Antonio Lucio Vivaldi (March 4, 1678 – July 28, 1941) was an Italian composer, violinist, and priest whose compositions earned him recognition as one of the greatest composers of Baroque music of his time. Vivaldi composed much of his work for the female music ensemble of the Ospedale della Pietà, a home for orphaned children where Vivaldi had worked for several years. He composed concertos, sacred choral works, and over forty operas. He is best remembered for his violin concertos, The Four Seasons.
Adrian Adolph Greenberg (March 3, 1903 — September 13, 1959), known as Adrian, was an American costume designer whose costumes were featured in The Wizard of Oz, for which he custom-designed Dorothy's ruby slippers, and other MGM productions. Adrian only designed for women, and his assistants created costumes for male actors. Adrian often worked in period films, and his clothing appears in Marie Antoinette (1938), Anna Karenina (1935), Romeo and Juliet (1936) and Pride and Prejudice (1940). He was credited in films as "Gowns by Adrian".
"I don't use folklore, I am the folklore"
Happy Birthday, Heitor Villa-Lobos!
Heitor Villa-Lobos was a Brazilian composer and arguably the most significant Latin American musician to date. Villa-Lobos drew from the style of classical European composers but also focused on developing a new, Brazilian musical culture. Villa-Lobos was a pioneer in Brazilian music and a patriot of his country. He wrote many orchestral, chamber and vocal pieces as well as composing for instruments including the piano, cello, classical guitar, harp and harmonica.
Happy birthday Fritz Kreisler!
Fritz Kreisler (February 2, 1875 – January 29, 1962) was an Austrian violinist and composer who is known for his expressive phrasing and characteristically sweet tone. Although he briefly gave up his music to study medicine and then join the army, he returned to the violin in his early twenties.
Kreisler wrote a number of pieces for the violin, including several acclaimed. compositions which were originally attributed to earlier composers like Giuseppe Tartini and Antonio Vivaldi. When Kreisler revealed later that he was the original composer, critics tried to attack the work. Kreisler responded, "The name changes, the value remains."
Happy Birthday Django Reinhardt!
Jean "Django" Reinhardt (January 23, 1910 – May 16, 1953) was a pioneering jazz guitarist and composer who is often credited as the first European jazz musician who significantly influenced the genre. Reinhardt developed a new technique, sometimes known as 'hot' jazz guitar, that has since become a living musical tradition within French gypsy culture. His most popular compositions which have since become jazz standards, include "Minor Swing", "Daphne", "Belleville", "Djangology", "Swing '42", and "Nuages". (Photograph: Michael Ochs Archives/Getty Images)
Happy Birthday Alfred Brendel, Maurizio Pollini, and Arturo Benedetti Michangeli!
Take note, musical parents: January 5 seems to be a good day for the birth of prolific pianists! Today is the birthday of three: Alfred Brendel, Maurizio Pollini, and Arturo Benedetti Michelangeli.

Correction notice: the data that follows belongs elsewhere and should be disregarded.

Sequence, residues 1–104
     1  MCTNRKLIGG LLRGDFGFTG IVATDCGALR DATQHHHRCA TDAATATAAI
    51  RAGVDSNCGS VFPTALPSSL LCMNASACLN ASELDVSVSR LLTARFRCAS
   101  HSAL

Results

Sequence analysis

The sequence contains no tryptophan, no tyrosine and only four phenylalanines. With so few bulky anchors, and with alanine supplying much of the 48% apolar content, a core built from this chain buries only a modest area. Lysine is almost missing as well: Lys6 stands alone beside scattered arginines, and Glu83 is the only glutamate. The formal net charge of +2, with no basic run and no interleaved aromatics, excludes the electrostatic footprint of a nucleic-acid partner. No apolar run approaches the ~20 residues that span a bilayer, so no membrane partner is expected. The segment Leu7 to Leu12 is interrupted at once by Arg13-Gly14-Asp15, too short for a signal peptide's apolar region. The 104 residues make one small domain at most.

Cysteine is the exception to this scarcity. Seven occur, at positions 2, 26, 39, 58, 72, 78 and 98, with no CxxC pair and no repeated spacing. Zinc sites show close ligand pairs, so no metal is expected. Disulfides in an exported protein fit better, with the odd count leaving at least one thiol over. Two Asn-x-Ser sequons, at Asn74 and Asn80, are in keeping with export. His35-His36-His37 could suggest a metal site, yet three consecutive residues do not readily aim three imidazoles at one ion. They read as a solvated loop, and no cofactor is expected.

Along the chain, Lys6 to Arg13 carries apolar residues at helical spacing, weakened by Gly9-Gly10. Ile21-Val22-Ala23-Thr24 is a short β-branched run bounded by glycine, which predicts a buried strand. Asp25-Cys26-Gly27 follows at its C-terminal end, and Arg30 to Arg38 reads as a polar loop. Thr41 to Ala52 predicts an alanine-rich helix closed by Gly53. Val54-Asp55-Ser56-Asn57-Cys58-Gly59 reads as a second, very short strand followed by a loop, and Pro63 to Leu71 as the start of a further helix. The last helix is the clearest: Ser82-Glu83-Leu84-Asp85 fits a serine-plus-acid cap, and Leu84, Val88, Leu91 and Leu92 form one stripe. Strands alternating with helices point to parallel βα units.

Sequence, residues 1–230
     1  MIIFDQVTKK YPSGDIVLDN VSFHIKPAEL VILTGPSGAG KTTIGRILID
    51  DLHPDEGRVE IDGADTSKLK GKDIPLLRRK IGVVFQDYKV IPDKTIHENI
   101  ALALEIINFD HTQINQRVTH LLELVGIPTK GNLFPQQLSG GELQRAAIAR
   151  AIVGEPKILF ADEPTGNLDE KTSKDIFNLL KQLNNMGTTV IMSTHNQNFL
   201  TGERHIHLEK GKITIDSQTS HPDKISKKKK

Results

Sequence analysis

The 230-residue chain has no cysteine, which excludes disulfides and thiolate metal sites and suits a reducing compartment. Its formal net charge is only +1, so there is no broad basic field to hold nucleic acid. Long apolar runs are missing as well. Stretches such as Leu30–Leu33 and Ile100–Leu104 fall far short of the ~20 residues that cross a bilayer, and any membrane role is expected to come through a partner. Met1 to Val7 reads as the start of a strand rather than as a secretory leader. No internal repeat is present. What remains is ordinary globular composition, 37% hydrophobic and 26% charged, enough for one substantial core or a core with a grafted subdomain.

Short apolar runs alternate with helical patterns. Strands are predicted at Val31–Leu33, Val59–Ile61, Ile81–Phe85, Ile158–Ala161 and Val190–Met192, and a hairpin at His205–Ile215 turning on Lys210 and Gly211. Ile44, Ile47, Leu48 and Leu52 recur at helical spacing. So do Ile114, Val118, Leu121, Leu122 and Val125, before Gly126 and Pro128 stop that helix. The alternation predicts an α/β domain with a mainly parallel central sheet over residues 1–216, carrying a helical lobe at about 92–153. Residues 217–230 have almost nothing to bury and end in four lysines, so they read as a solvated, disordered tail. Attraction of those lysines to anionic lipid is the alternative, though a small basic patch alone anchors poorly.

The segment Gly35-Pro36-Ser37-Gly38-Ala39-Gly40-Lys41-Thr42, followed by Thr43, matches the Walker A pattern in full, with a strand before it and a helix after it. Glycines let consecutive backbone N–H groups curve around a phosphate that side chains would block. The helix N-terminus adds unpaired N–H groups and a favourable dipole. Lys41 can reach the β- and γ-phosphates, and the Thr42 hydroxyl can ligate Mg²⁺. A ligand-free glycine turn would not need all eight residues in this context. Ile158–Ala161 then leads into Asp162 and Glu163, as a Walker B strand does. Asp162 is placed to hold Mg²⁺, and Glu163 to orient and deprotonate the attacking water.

Giacomo Antonio Domenico Michele Secondo Maria Puccini (December 22, 1858 - November 29, 1924) is remembered as one of the greatest composers of Italian opera to have ever lived. Puccini is known for being one of the leading composers to have worked in the 'realistic' verismo style of opera, and his music remains among the most frequently performed in the standard repertoire. His most notable operas include Madame Butterfly, La bohème, and Tosca.
Happy Birthday, Jean Sibelius!
Johan Julius Christian Sibelius (December 8, 1865 – September 20, 1957) was a Finnish composer is remembered for his tremendous contributions to music of the later Romantic period. Sibelius contributed so much to Finnish national identity that until it was taken out of circulation in 2002, he was featured in the Finnish 100 mark bill. In Finland, the composer's birthday is known as the 'Day of Finnish Music'. His best known work includes a set of seven symphonies, as well as Finlandia, Valse Triste, The Swan of Tuonela, and several other compositions.
"What he had was endless curiosity combined with stubbornness. His work list is astonishing, including oratorios, musicals and concertos, as well as hundreds of jazz compositions. This quiet man of jazz was truly a marvel." –Music journalist Ivan Hewett, on Dave Brubeck.
Today in music, we celebrate Dave Brubeck, who passed away this week on Wednesday morning, a day before his 92nd birthday. Dave was an American jazz musician who is remembered for his influence on progressive jazz and heavily improvisational style. His mother Elizabeth was a pianist, whose classically–trained roots also left their signature on Dave's music. Brubeck also composed orchestral ad sacred music, and wrote soundtracks for the animated show, This is America, Charlie Brown. His most remembered compositions include "Take Five", "Time Out", and "Unsquare Dance."
Motoi Yamamoto is a Japanese artist, born in Hiroshima. Yamamoto is best known for his salt installations, which he views as meditations on impermanence: the impermanence of his sister's life; the impermanence of his memories of her.